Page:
Suddenly the Europeans will have a young workforce who can pay the taxes needed to fund their generous pensions.

Of course, that doesn't work if you strand them all in concentration camps in a shithole like Orban's Hungary: the migrants need to go where their earnings potential will be highest, like Germany.

And, of course, they need to be treated like human beings with labour rights, not used as pawns to suppress German wages. Which is what the Germans will probably do.

So good for you, Credit Suisse! You've presented the most persuasive argument for Germans taking in a million refugees: it'll make them wealthy. Because that's all that Germans ever care about. We can tell this because despite all the blather about Merkel being a sweetiepie, they've still instituted border controls this week.

Here in Canada, of course, we took in a quarter million European refugees after WWII - that was well over 1% of our population at that time. That included loads of Italians, Yugoslavians, Dutch, Lithuanians and Hungarians in my city, for example - and all of them contributed well to building our country. It worked out quite well for us.

BILLY BISHOP'S BACK! Here's what you need to know


Sinocism - hi, I'm finally posting again. He's moved to Washington and finally restarted his blog, so our #1 news source for intelligent China commentary is finally back. Quote:

We missed a lot, from the popping of the stock market bubble and the RMB revaluation to the now widespread belief that China’s policymakers are far less competent than assumed. I do not remember sentiment towards the leadership and the economy ever being this bearish in the ten years I lived in Beijing. I do think the negativity is a bit overdone but clearly the challenges are massive and something has broken in the policymaking process.

Perhaps Xi does not actually have the bandwidth to be in charge of everything, and/or perhaps renewed study of dialectical materialism, creation of an atmosphere of paralyzing uncertainty and a campaign of de-Westernization are not conducive to managing a modern economy? Or, as some of the more bearish argue, the place is such a mess that there is nothing they can do in the short-term?

Yeah, or alternately, perhaps white-ass honky cracker hedge fund dolts and their puppets in the lamestream media don't know the first damn thing about China and you should simply ignore them from now on?

I've been using a "China Doom 201X" tag on this blog for the past four years, y'know.

Let's check in on glorious Europe, shall we?


Haven't posted charts in a while, let's do some of that now.

Spain:


Yup, them swarthy Mediterraneans are so corrupt and unproductive that their market has gone down 30% in a year. If only they'd behave more like Anglo-Saxons.

France:


Yup, them cheese-eating surrender monkeys are also in a 20% bear market since last summer. That's what you get for refusing to submit to German economic orthodoxy. Yay capitalism, boo sociamalism!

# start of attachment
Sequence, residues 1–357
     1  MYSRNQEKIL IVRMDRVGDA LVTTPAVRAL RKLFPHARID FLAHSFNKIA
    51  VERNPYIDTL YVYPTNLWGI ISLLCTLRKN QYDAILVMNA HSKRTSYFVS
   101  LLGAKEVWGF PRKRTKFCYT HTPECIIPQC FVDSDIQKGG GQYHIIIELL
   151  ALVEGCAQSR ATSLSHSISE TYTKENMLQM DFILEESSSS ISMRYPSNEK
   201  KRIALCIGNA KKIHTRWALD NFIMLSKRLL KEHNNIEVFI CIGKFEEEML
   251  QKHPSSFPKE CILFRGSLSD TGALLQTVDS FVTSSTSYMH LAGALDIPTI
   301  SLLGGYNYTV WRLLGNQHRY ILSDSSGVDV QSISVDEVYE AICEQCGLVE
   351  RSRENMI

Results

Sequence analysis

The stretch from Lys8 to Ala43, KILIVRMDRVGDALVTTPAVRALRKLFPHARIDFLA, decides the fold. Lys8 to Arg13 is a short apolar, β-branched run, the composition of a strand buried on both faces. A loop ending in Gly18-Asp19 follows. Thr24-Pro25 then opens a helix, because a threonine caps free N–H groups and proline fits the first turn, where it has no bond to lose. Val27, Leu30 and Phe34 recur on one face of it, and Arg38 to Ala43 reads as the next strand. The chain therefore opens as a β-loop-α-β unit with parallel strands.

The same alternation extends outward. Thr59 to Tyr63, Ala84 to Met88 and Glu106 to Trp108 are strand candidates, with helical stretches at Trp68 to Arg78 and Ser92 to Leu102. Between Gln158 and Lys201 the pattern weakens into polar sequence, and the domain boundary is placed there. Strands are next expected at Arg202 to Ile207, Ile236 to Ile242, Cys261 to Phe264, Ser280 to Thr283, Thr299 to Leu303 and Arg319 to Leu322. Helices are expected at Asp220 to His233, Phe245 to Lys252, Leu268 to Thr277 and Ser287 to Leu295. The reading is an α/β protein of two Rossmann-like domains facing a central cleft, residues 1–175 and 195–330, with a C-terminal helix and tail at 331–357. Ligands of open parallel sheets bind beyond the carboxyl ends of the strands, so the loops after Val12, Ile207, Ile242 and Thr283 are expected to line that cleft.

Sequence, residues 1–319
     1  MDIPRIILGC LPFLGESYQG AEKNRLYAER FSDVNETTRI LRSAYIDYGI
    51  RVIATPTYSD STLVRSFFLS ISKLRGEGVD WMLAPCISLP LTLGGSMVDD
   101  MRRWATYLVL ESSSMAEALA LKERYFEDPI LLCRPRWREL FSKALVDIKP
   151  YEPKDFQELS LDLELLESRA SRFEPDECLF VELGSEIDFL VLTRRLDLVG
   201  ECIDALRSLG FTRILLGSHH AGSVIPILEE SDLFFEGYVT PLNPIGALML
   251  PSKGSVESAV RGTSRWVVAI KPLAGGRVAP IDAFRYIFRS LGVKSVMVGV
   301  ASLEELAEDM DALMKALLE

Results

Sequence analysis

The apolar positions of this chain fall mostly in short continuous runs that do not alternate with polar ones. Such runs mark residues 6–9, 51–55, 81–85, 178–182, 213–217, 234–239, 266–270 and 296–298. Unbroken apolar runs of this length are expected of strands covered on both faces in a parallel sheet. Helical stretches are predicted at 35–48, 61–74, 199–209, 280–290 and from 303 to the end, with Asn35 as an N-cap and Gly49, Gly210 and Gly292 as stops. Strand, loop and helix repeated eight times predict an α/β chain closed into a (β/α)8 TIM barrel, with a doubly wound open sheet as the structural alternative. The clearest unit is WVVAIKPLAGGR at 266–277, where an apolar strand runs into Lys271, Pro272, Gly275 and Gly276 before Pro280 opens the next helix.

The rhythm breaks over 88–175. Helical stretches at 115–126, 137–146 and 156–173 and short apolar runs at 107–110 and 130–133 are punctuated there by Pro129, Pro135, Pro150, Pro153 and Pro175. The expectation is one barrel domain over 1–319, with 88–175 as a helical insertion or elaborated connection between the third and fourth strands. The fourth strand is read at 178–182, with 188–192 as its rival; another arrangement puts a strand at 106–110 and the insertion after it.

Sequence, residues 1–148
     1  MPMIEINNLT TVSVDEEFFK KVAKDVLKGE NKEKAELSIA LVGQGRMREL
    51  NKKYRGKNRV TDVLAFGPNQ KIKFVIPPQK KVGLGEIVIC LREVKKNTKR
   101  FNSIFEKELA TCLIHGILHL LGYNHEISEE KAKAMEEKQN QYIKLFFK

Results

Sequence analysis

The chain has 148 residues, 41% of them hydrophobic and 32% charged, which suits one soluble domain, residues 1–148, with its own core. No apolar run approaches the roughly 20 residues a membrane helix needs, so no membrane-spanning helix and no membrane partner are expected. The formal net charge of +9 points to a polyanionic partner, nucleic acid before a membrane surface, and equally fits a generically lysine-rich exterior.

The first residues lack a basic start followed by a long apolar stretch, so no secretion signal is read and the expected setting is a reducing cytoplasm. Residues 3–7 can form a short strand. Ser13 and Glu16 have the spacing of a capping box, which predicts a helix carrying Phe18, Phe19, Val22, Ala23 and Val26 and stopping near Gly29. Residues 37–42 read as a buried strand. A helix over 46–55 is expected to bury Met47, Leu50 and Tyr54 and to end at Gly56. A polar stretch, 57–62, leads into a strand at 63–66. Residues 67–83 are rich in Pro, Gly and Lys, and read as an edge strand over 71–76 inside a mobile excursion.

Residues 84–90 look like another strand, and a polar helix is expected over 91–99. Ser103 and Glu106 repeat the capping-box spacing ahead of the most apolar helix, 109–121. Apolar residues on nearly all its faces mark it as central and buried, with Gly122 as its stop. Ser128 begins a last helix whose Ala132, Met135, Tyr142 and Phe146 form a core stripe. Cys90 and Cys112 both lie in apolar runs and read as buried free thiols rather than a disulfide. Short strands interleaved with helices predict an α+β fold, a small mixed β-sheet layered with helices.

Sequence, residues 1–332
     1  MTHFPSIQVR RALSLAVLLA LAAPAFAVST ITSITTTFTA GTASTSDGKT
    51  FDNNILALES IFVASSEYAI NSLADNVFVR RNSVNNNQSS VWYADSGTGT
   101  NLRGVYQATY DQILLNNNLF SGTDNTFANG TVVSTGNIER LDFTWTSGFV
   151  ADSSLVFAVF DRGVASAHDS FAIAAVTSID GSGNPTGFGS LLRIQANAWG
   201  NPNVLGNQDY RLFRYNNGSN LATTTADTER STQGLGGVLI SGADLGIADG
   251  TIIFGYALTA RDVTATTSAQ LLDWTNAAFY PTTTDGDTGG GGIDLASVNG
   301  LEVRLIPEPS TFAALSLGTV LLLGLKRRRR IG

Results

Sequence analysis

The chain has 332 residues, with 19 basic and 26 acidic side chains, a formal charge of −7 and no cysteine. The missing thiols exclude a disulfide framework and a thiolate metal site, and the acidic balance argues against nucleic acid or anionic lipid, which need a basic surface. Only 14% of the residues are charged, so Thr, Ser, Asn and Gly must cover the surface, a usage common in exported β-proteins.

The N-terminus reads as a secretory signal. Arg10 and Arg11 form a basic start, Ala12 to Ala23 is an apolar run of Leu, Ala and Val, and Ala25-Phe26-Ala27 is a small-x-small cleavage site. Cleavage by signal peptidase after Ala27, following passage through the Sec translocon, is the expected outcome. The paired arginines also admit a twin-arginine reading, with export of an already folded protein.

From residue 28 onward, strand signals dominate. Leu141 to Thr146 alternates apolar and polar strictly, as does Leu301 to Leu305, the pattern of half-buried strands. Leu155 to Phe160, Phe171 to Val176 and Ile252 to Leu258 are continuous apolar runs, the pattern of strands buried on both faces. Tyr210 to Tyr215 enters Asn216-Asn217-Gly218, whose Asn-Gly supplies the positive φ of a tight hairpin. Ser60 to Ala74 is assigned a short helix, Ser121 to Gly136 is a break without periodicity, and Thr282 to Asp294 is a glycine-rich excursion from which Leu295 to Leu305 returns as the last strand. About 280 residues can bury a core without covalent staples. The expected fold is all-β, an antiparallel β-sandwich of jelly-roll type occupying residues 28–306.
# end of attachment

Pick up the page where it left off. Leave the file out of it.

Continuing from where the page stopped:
Meanwhile just check out the superior performance of David Cameron's glorious UK:


Wait, what's that? UK has also been in a 20% bear market since last summer? B...b...but they're not sociamalist, are they? Doesn't the UK have a fabulously productive economy? I mean, they kill poor people and expel refugees and everything, don't they?

Germany, the land of killing people by poison gas:


Wow! Another 20% bear market!

Gee, it's almost as if Europe's German-led omnipresent fiscal tightening in the face of continent-wide economic depression has gotten them absolutely nowhere for 18 months now! I'd feel sorry for the investors, if it were not for the fact that it's only Republican government-hating wackaloons who have been investing in Europe for the past year.

That's what you get for hating Keynes, bitches!


Tuesday, September 22, 2015

MICKEYMAN VISITS A "CHINESE GHOST CITY": you won't believe what happened next!


World Complex - Zhengdong New District: is it a ghost city? Here's what you need to know! Far as I'm concerned, if smarmy self-important honkies are still blathering on about "ghost cities" then they don't live in China: both Mickeyman and Billy Bishop have been calling bullshit on that idea for years now.

Far as I'm concerned, anyone with a clue already knows that a big headwind for emerging market development is capital investment: a central planner is wise to look ahead five years and build the needed structural capital well ahead of time, or else his country turns into India, where lack of physical capital will forever doom the nation to low productivity.

Not centrally planning makes it even worse: your cities turn into a chaotic slums.

Even if there's some excess build that turns out ten years from now to have been a waste, it will probably still cost less than the future opportunity cost incurred by not building enough today. Mainly because the future value of present build is, in a growth environment, always going to be exceedingly higher than PV.